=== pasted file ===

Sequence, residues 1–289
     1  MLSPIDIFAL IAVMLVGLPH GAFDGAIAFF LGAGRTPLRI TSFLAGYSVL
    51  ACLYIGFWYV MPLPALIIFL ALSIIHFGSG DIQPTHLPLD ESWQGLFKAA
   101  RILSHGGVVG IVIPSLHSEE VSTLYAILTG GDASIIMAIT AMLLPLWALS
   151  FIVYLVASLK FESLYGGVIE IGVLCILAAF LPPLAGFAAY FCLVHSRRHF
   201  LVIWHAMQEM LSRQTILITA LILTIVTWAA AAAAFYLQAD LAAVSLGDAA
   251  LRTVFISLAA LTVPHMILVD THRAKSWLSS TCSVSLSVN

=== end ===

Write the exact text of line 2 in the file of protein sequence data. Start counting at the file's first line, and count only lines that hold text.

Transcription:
     1  MLSPIDIFAL IAVMLVGLPH GAFDGAIAFF LGAGRTPLRI TSFLAGYSVL